Clinical implementation of partial oral treatment in infective endocarditis: the Danish POETry study

Eur Heart J. 2023 Dec 21;44(48):5095-5106. doi: 10.1093/eurheartj/ehad715.

Abstract

Background and aims: In the Partial Oral Treatment of Endocarditis (POET) trial, stabilized patients with left-sided infective endocarditis (IE) were randomized to oral step-down antibiotic therapy (PO) or conventional continued intravenous antibiotic treatment (IV), showing non-inferiority after 6 months. In this study, the first guideline-driven clinical implementation of the oral step-down POET regimen was examined.

Methods: Patients with IE, caused by Staphylococcus aureus, Enterococcus faecalis, Streptococcus spp. or coagulase-negative staphylococci diagnosed between May 2019 and December 2020 were possible candidates for initiation of oral step-down antibiotic therapy, at the discretion of the treating physician. The composite primary outcome in patients finalizing antibiotic treatment consisted of embolic events, unplanned cardiac surgery, relapse of bacteraemia and all-cause mortality within 6 months.

Results: A total of 562 patients [median age 74 years (IQR, interquartile range, 65-80), 70% males] with IE were possible candidates; PO was given to 240 (43%) patients and IV to 322 (57%) patients. More patients in the IV group had IE caused by S. aureus, or had an intra-cardiac abscess, or a pacemaker and more were surgically treated. The primary outcome occurred in 30 (13%) patients in the PO group and in 59 (18%) patients in the IV group (P = .051); in the PO group, 20 (8%) patients died vs. 46 (14%) patients in the IV group (P = .024). PO-treated patients had a shorter median length of stay [PO 24 days (IQR 17-36) vs. IV 43 days (IQR 32-51), P < .001].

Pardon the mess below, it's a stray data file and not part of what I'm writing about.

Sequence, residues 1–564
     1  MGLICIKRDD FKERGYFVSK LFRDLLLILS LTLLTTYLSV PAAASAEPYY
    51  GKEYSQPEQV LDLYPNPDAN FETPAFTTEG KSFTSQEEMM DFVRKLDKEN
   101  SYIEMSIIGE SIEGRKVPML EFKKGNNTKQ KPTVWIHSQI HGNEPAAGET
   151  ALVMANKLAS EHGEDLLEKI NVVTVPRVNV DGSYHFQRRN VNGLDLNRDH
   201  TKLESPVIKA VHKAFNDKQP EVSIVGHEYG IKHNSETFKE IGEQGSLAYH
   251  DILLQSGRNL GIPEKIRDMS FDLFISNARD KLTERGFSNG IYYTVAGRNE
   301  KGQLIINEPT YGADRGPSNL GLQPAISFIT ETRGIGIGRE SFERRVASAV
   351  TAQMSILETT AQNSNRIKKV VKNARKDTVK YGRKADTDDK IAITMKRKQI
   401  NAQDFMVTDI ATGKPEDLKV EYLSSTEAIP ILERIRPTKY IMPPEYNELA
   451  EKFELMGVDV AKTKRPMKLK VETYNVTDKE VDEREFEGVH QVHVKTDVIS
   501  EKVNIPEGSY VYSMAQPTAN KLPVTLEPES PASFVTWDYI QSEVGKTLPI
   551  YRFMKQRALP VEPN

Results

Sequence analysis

Conclusions: After clinical implementation of the POET regimen almost half of the possible candidates with IE received oral step-down antibiotic therapy. Patients in the IV group had more serious risk factors for negative outcomes. At 6-month follow-up, there was a numerically but not statistically significant difference towards a lower incidence of the primary outcome, a lower incidence of all-cause mortality and a reduced length of stay in the PO group. Due to the observational design of the study, the lower mortality may to some extent reflect selection bias and unmeasured confounding. Clinical implementation of PO regimens seemed feasible and safe.

Keywords: Antibiotic treatment; Endocarditis; Nationwide study; Oral step-down antibiotic treatment; Partial oral treatment of endocaditis trial.

Publication types

  • Randomized Controlled Trial

MeSH terms

  • Aged
  • Anti-Bacterial Agents / adverse effects
  • Denmark / epidemiology
  • Endocarditis* / drug therapy
  • Endocarditis, Bacterial* / epidemiology
  • Female
  • Humans
  • Male
  • Staphylococcal Infections* / drug therapy
  • Staphylococcus aureus

Substances

  • Anti-Bacterial Agents